A Maiden’s Dream
Leeks are allium vegetables and cousins to onions, garlic, shallots and scallions. Ancient Greeks and Romans dined upon these delicacies seasoned with honey, vinegar and cumin. Folklore claims that Emperor Nero (36-68 AD) ate leeks on a daily basis to improve his singing voice. In Wales, during the 1620’s, it is said that Saint David ordered his army troops to wear leeks on their helmets in order to differentiate them from the Saxon enemy. In fact, the leek is the national symbol of Wales, and historians continue the magical tale of Feast Day, March 1st, when it is believed that if a maiden sleeps with a leek under her pillow, she will see a vision of her future husband in her dreams.
Regardless of the lineage and mystery of the leek, it was brought to the United States by the French, whom then referred to leeks as poireau, meaning “simpleton,” and was considered a poor man’s asparagus! Much has changed in culinary circles and today the leek is found on the menu at some of the most prestigious restaurants in the world.
Milder Than Onions
Leeks are much sweeter and milder than their onion/garlic/scallion cousins, however, most people continue to use onions in recipes due to the simplicity of preparation. A cup of cooked leeks contains 29% RDA of vitamin K; in the United States we are given a shot of vitamin K at the hospital as infants. This dosage is considered ample for a lifetime in conjunction with healthy eating. In reality, the day-to-day, stress-filled, on-the-go lifestyles we lead do not readily provide us with quality dining time nor quality food choices, so it is important to supplement our dine-out/drive-thru menus with real food with real vitamins.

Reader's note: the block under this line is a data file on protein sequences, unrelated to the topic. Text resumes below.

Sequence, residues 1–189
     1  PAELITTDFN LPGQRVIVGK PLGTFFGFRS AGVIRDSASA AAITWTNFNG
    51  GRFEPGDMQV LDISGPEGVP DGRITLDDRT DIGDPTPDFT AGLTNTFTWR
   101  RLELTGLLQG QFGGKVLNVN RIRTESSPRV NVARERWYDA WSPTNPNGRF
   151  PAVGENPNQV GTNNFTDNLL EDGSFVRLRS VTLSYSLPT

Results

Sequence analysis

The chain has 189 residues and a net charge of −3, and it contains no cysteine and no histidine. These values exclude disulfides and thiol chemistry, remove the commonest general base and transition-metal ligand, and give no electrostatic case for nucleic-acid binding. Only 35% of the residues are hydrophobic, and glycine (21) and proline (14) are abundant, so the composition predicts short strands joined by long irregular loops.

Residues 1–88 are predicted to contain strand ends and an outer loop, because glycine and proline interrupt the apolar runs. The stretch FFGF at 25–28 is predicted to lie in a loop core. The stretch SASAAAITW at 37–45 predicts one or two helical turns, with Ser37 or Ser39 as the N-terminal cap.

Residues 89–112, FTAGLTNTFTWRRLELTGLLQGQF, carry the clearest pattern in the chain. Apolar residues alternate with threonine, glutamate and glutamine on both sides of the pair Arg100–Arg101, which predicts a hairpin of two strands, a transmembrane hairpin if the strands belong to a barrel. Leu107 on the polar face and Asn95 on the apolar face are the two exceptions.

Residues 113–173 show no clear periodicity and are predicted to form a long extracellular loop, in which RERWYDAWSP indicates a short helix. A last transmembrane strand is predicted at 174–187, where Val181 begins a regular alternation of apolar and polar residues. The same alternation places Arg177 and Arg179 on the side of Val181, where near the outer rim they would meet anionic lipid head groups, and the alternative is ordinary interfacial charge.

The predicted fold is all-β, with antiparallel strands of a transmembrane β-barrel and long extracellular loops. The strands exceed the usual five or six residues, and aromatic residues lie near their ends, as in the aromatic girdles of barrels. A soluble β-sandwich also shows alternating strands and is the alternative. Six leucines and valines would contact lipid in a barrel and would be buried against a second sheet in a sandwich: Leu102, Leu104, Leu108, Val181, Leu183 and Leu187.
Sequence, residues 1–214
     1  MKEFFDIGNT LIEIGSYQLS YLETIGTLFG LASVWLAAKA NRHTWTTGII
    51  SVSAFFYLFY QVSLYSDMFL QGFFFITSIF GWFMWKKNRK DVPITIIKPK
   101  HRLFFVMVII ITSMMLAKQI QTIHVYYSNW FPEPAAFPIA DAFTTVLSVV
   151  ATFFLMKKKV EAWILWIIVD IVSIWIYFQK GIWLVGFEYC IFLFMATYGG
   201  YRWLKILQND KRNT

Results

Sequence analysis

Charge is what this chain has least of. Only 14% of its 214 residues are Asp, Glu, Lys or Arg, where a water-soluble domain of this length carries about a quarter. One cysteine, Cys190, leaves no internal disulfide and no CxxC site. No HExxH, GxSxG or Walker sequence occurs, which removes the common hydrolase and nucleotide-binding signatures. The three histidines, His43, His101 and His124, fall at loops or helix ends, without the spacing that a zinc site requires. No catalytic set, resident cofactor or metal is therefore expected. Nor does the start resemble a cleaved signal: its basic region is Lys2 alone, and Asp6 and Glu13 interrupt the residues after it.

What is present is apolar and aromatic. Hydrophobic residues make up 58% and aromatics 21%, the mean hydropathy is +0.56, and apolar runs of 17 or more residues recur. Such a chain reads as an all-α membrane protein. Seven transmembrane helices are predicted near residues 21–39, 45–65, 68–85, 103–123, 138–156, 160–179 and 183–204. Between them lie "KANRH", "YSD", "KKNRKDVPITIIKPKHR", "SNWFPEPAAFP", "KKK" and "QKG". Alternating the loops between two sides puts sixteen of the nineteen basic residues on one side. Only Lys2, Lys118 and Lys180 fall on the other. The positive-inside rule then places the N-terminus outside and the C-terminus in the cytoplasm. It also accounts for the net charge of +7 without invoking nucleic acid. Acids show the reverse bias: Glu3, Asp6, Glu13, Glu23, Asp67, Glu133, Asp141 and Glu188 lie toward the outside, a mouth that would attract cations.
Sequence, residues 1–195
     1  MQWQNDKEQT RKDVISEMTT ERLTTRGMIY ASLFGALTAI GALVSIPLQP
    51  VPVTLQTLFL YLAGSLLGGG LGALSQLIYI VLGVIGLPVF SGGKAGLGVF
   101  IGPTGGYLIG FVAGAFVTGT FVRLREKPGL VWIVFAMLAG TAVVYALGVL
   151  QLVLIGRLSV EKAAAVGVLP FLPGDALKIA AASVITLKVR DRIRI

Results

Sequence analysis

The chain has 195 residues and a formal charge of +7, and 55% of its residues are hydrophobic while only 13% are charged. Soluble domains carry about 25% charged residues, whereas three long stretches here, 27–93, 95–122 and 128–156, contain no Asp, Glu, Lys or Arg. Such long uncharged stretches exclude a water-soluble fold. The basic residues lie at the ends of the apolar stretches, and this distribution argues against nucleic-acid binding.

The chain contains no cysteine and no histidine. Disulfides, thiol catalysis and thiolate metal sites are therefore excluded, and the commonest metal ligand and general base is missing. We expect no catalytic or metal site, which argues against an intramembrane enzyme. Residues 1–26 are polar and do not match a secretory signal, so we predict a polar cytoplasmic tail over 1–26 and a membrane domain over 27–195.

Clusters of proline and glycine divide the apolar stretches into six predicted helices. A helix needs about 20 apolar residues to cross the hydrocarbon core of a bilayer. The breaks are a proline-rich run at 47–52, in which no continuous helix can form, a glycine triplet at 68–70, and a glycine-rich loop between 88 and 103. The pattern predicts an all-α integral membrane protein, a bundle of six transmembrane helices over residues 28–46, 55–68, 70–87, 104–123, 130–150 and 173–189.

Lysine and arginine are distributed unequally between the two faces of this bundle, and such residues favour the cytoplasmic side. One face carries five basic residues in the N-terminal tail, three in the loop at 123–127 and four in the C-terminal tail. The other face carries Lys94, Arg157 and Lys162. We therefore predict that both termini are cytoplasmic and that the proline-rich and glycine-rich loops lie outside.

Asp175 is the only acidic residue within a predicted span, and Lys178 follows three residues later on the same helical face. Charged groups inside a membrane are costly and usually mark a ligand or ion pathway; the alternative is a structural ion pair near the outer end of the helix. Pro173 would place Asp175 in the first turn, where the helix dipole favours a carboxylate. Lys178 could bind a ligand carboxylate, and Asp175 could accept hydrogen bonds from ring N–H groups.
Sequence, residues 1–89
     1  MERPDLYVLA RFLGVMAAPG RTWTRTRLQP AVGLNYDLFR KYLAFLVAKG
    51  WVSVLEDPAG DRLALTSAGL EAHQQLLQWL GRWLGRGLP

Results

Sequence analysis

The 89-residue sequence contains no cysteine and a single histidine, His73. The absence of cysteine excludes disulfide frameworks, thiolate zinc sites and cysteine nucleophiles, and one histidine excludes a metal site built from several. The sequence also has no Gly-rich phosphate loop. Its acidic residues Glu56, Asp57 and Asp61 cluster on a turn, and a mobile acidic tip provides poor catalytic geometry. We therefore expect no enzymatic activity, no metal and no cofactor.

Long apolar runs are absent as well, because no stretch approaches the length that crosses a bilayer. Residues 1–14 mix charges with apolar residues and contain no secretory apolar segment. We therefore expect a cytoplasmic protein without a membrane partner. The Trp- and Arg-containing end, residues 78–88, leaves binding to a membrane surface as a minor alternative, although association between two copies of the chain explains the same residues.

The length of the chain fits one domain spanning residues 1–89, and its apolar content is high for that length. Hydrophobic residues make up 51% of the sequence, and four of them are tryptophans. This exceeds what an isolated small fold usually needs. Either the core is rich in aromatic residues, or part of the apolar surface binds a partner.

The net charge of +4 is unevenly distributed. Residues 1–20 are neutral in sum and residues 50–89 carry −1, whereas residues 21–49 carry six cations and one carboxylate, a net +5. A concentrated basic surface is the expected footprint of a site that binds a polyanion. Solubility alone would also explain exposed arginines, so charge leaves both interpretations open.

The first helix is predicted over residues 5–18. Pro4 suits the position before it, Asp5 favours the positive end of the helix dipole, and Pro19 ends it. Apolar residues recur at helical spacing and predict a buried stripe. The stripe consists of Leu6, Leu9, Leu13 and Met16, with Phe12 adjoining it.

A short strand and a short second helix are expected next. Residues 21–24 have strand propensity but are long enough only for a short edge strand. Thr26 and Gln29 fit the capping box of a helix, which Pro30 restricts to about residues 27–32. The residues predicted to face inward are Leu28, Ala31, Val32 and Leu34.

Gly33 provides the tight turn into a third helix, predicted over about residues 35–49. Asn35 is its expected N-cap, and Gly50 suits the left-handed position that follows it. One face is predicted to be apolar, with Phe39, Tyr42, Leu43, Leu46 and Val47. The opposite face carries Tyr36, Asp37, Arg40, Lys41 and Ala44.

Vitamin K regulates clotting activities and transports calcium throughout the blood. In the case of a vitamin K deficiency, one would experience increased and severe bleeding–the inability to heal wounds.
Leeks also contain flavanoids and polyphenols, which assist in protecting both blood cells and vessels from oxidative damage. The primary flavanoid, kaempferol, is found in the lower leaf and bulb and is believed to protect the linings of blood vessels from damage. One cup of cooked leeks provides vitamins A, B6, C, E, and Omega-3 fatty acids, as well as manganese, copper, folate, and iron.
Thistle Flower Power
This recipe includes another amazing plant – the artichoke. Artichokes are edible perennials in the thistle group of sunflowers. The artichoke plant grows to be quite large and the spiked, globed-shaped vegetable we see at the market is actually the flowering part of the plant.
Artichokes are also abundant in vitamin K, as well as the family of B vitamins, which are necessary for cellular metabolic functions. Additional power punches of the artichoke are dietary fiber (assists in decreasing LDL cholesterol), copper, calcium, iron, and potassium, which assists in controlling heart rate and blood pressure. This recipe calls for canned or frozen artichokes, simply because it is the most cost and time efficient method.
LaGuardia Bans the Choke